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What’s on Jonas Eidevall’s to do list?

Arsenal Women’s new head coach doesn’t start until July 12—but he’ll have a long list of things to work on when he gets started.


Jonas Eidevall confirmed yesterday that he won’t start at Arsenal until July 12, as he sees out the final two games of his contract with FC Rosengård, before the Damallsvenskan goes on a mid-season break. When asked about recruitment, Eidevall said, “we have two more games before that, so obviously that is taking up a lot of my time at the moment.” So while his time may be taken up with his current club, there are some things that will be on his to-do list, in both the immediate, and the longer-term. Here is a list of some of them:

Bolster the midfield

Arsenal currently have just three central midfielders who are on the squads books, and fit for next season. Malin Gut, who was expected to leave the club, suffered a torn ACL in the final week of the season. With Jill Roord departing for Wolfsburg, Danïelle van de Donk departing for Lyon, and Ruby Mace departing for Manchester City, Arsenal have just Jordan Nobbs, Kim Little, and Lia Wälti. Little will be at the Olympics, and while Arsenal have signed Mana Iwabuchi, she is much more of an attacking midfielder rather than a central midfielder. This is an immediate need given Arsenal’s congested start to the season, and given that Little, Nobbs, and Wälti have all had injuries over the past three seasons.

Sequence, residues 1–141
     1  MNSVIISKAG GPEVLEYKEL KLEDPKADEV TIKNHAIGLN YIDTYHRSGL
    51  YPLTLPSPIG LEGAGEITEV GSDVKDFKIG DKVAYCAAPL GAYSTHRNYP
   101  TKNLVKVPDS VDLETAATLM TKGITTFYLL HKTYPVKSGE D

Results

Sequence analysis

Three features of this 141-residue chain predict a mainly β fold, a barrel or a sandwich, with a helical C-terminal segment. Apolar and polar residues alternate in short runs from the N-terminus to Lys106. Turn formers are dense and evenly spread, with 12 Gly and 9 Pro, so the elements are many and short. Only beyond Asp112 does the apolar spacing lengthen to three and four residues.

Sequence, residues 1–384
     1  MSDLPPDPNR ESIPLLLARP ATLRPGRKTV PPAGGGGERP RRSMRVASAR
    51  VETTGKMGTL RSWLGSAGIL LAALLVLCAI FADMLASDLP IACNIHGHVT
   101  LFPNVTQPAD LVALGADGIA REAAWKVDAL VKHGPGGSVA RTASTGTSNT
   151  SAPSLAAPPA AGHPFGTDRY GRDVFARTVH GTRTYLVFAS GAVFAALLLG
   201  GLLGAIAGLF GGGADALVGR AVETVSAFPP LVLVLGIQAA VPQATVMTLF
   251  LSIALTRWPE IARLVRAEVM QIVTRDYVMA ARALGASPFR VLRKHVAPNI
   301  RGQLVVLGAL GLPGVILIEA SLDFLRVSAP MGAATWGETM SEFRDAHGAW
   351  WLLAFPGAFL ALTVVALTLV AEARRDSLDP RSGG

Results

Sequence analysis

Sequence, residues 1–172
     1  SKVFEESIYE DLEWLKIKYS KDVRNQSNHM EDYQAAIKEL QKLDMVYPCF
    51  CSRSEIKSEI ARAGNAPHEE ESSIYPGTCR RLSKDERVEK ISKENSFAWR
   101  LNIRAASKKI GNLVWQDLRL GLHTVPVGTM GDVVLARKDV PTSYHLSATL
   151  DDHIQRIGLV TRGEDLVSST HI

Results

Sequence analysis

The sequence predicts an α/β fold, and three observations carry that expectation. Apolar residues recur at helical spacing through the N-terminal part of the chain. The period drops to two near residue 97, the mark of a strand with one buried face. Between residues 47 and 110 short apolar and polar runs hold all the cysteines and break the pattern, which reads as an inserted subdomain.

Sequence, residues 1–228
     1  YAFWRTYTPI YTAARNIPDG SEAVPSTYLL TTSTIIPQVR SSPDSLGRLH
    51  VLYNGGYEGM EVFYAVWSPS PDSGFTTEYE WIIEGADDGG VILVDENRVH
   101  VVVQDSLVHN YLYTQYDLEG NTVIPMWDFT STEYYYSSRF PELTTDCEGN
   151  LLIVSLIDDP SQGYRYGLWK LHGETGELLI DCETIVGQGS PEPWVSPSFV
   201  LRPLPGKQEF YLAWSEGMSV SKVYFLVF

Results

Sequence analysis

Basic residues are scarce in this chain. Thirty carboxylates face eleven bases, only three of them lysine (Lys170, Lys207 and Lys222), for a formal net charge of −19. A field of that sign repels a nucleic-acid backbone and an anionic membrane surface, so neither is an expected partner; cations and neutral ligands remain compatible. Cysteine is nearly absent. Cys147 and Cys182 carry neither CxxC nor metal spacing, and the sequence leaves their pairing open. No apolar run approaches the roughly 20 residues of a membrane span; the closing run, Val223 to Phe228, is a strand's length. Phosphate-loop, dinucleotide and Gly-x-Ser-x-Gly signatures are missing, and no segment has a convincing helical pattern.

Improve Injury Record

That brings us to the next issue: improve Arsenal’s injury record. This is not only something that is within Eidevall’s remit—though, as the first team head coach, he has some control over how training is structured and the size of squad he uses—but also requires improvement and investment from the club. The club have announced some of those improvements according to Vinai Venketesham:

For example, we’ve significantly increased and enhanced the backroom staff that support our women’s team, so we’re bringing on board a new head of sports medicine and sports science, we’ve increased the staff in our medical team, we’ve brought on board a nutritionist, we’ve created a new individual development coach role, we’ve brought on more operations staff.

The club will also be building new dedicated facilities for the women’s first team at London Colney.

With Arsenal’s congested schedule this is an important issue to solve quickly. That being said, with several players involved at the Olympics, this may be an issue that takes a little bit longer to properly address.

Big Game Record

One reason why Arsenal were in the position of needing a new head coach was the club’s big game record. In the last two seasons, Arsenal had won three league games against Chelsea, Manchester City, and Manchester United, out of eleven—with two of those wins coming against Manchester United. It was a similarly poor record in the Cups, and in the Champions League, Arsenal were knocked out by PSG. While each game was slightly different, there was a common theme between most of them: Arsenal struggling with the high press opponents placed on them, leaving their midfield and attack disconnected, while also not being able to counter-press the opposition, even if Arsenal could do it at moments to great effect.

Pressing is something that, in his introduction to the fans, Eidevall has spoken of quite a bit:

I want to play a high-paced possession game, that’s no secret if you’ve seen my teams play before. If we lose the ball, we need to have a structure, and we need to have methods to win that ball back as soon as possible. Any team in the world will show at least one weakness if the pressure is intense enough, and we need to make sure that we bring every team we face to that choking point.